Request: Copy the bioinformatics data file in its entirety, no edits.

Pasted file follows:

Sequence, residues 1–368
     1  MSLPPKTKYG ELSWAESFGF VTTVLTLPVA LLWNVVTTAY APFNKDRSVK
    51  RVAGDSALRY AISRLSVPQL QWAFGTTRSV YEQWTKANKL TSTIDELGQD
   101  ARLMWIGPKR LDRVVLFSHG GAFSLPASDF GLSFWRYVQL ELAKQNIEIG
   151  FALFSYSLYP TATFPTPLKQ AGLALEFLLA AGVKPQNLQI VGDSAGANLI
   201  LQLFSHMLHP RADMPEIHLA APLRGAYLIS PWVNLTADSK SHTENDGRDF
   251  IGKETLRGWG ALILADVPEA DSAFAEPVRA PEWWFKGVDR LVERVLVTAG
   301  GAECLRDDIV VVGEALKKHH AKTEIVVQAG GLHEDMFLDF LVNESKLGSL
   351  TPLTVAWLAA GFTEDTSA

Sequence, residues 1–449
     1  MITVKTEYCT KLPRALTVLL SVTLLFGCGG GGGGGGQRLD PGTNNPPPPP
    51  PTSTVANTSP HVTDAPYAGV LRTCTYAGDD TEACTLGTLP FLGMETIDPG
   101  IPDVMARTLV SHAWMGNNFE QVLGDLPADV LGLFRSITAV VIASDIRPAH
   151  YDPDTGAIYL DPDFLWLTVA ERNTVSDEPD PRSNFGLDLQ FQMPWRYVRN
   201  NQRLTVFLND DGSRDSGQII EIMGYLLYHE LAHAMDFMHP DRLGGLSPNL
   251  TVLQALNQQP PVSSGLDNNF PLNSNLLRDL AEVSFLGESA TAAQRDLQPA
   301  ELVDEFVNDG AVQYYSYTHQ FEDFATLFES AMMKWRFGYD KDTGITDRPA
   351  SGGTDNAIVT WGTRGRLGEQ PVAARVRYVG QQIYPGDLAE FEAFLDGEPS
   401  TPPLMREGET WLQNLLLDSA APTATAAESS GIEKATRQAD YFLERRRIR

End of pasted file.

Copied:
Sequence, residues 1–368
     1  MSLPPKTKYG ELSWAESFGF VTTVLTLPVA LLWNVVTTAY APFNKDRSVK
    51  RVAGDSALRY AISRLSVPQL QWAFGTTRSV YEQWTKANKL TSTIDELGQD
   101  ARLMWIGPKR LDRVVLFSHG GAFSLPASDF GLSFWRYVQL ELAKQNIEIG
   151  FALFSYSLYP TATFPTPLKQ AGLALEFLLA AGVKPQNLQI VGDSAGANLI
   201  LQLFSHMLHP RADMPEIHLA APLRGAYLIS PWVNLTADSK SHTENDGRDF
   251  IGKETLRGWG ALILADVPEA DSAFAEPVRA PEWWFKGVDR LVERVLVTAG
   301  GAECLRDDIV VVGEALKKHH AKTEIVVQAG GLHEDMFLDF LVNESKLGSL
   351  TPLTVAWLAA GFTEDTSA

Sequence, residues 1–449
     1  MITVKTEYCT KLPRALTVLL SVTLLFGCGG GGGGGGQRLD PGTNNPPPPP
    51  PTSTVANTSP HVTDAPYAGV LRTCTYAGDD TEACTLGTLP FLGMETIDPG
   101  IPDVMARTLV SHAWMGNNFE QVLGDLPADV LGLFRSITAV VIASDIRPAH
   151  YDPDTGAIYL DPDFLWLTVA ERNTVSDEPD PRSNFGLDLQ FQMPWRYVRN
   201  NQRLTVFLND DGSRDSGQII EIMGYLLYHE LAHAMDFMHP DRLGGLSPNL
   251  TVLQALNQQP PVSSGLDNNF PLNSNLLRDL AEVSFLGESA TAAQRDLQPA
   301  ELVDEFVNDG AVQYYSYTHQ FEDFATLFES AMMKWRFGYD KDTGITDRPA
   351  SGGTDNAIVT WGTRGRLGEQ PVAARVRYVG QQIYPGDLAE FEAFLDGEPS
   401  TPPLMREGET WLQNLLLDSA APTATAAESS GIEKATRQAD YFLERRRIR